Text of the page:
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Aseptic filling solution for fruit purees

11 February 2018

Aseptic filling is a key process in modern food and ingredients manufacturing, including fruit purees and fillings, says Matt Hale

HRS recently installed an upgraded combined line to sterilise, cool and aseptically fill fruit purees for a food customer in the UK, and this demonstrates how different equipment comes together to form a line capable of safely and efficiently processing a range of viscous products containing particulates.

Because of the range of fruit purees produced, the ability to switch quickly and cleanly between different batches and products was a key consideration. The built-in CIP (cleaning in place) programme facilitates this and provides an efficient and hygienic process. This flexibility also enables the system to cope with seasonal changes in product and different orders in quick succession, and this was a big factor behind their solution choice. For example, processing strawberry puree is very different to apples, but the system can cope equally well with all the fruit types required, switching easily from one batch to another.

The right heat exchanger
In order to use this method, the product has to be from microorganisms which could cause spoilage and so most food and drink products which are packaged aseptically are cooked, pasteurised or sterilised immediately prior to packaging, or if this is not possible, they are kept in sterile conditions until they can be packaged. There are different methods of doing this, and the type of equipment (for example, the type of heat exchanger) specified will depend on the nature of the product being processed.

For example, tomato puree and thicker materials generally use a triple-tube heat exchanger. Materials which contain particles frequently use a double-tube design, while thinner and less viscous materials benefit from multi-tube heat exchanger technology.

In the solution provided by HRS for this particular client, fruit puree enters from the production lines via a balance tank before being pre-heated and de-aerated then passed to the thermal treatment section. Under normal operation, the product is heated to 94°C and then held at this temperature to ensure full pasteurisation or sterilisation as required. Heat for the process comes from water, heated via an HRS K series multi-tube heat exchanger, which is derived from steam used elsewhere in the factory.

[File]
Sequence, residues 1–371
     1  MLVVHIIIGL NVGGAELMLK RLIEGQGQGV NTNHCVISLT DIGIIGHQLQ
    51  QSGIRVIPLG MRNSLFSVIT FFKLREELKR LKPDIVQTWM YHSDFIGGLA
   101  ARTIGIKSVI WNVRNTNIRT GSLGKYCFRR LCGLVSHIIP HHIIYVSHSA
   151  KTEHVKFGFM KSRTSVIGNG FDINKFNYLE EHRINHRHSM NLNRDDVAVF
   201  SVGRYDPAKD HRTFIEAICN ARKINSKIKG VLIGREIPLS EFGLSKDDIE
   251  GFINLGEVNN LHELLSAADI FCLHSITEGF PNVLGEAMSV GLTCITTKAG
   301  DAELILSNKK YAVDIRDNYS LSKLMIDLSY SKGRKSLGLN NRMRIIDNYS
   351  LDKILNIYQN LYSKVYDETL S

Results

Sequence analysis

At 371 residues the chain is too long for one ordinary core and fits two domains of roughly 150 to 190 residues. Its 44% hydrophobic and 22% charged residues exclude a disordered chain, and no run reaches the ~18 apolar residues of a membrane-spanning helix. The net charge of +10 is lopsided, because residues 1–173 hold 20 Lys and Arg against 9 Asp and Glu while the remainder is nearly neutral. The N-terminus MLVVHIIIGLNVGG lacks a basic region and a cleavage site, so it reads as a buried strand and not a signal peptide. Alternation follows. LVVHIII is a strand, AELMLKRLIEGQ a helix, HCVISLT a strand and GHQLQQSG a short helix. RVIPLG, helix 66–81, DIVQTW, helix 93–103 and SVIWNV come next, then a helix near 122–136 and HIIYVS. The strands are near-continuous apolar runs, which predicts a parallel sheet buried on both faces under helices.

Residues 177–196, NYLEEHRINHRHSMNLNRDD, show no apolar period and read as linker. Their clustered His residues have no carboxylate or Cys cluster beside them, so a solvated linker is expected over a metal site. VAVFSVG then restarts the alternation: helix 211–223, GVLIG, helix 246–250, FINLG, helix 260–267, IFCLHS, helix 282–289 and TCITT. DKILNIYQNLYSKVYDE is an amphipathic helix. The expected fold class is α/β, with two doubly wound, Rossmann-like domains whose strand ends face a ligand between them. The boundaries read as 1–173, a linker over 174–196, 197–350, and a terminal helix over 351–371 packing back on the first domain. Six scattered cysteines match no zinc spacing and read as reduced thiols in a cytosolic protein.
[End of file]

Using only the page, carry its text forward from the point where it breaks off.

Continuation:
Safety first
As a safety feature, the system constantly monitors the temperature of the product; any product which has not been fully pasteurised or sterilised is returned to the beginning of the process. Once fully heat-treated, the puree is cooled, first to around 30°C using ambient water and another K Series heat exchanger, then cooled further to between 5 and 10°C using chilled water. At the same time, the equipment itself, including the aseptic filling heads, is sterilised with hot water at 121°C. Sterility throughout the process is maintained with steam which is automatically temperature controlled.

At the end of each production cycle, the equipment and filling heads are automatically cleaned with CIP solution and the system is re-set ready for the next production batch, avoiding any cross contamination between different products, preserving product quality and maintaining food safety. The new line has increased productivity by removing the need to shut down and reconfigure the line between production runs of different products. It has also improved product quality through gentler handling and improved heat transfer.

Matt Hale is international sales and marketing director at HRS Heat Exchangers.


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